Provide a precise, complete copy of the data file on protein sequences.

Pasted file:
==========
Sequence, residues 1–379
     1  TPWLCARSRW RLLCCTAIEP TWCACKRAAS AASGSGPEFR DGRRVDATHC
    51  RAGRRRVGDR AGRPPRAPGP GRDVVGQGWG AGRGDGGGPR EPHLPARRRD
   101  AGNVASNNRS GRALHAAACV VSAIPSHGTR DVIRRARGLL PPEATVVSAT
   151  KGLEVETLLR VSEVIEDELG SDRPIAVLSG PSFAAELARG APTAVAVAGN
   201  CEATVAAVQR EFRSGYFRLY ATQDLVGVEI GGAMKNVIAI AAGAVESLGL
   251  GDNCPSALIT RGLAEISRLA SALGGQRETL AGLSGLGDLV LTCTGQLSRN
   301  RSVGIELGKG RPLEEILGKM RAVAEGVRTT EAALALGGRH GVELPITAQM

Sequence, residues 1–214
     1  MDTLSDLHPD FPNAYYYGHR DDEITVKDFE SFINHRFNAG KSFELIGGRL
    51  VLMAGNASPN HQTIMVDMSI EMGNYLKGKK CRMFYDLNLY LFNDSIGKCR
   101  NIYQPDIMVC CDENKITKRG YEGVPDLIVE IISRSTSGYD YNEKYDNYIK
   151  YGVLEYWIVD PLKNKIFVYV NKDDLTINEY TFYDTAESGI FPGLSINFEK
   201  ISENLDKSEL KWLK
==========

Sequence, residues 1–379
     1  TPWLCARSRW RLLCCTAIEP TWCACKRAAS AASGSGPEFR DGRRVDATHC
    51  RAGRRRVGDR AGRPPRAPGP GRDVVGQGWG AGRGDGGGPR EPHLPARRRD
   101  AGNVASNNRS GRALHAAACV VSAIPSHGTR DVIRRARGLL PPEATVVSAT
   151  KGLEVETLLR VSEVIEDELG SDRPIAVLSG PSFAAELARG APTAVAVAGN
   201  CEATVAAVQR EFRSGYFRLY ATQDLVGVEI GGAMKNVIAI AAGAVESLGL
   251  GDNCPSALIT RGLAEISRLA SALGGQRETL AGLSGLGDLV LTCTGQLSRN
   301  RSVGIELGKG RPLEEILGKM RAVAEGVRTT EAALALGGRH GVELPITAQM

Sequence, residues 1–214
     1  MDTLSDLHPD FPNAYYYGHR DDEITVKDFE SFINHRFNAG KSFELIGGRL
    51  VLMAGNASPN HQTIMVDMSI EMGNYLKGKK CRMFYDLNLY LFNDSIGKCR
   101  NIYQPDIMVC CDENKITKRG YEGVPDLIVE IISRSTSGYD YNEKYDNYIK
   151  YGVLEYWIVD PLKNKIFVYV NKDDLTINEY TFYDTAESGI FPGLSINFEK
   201  ISENLDKSEL KWLK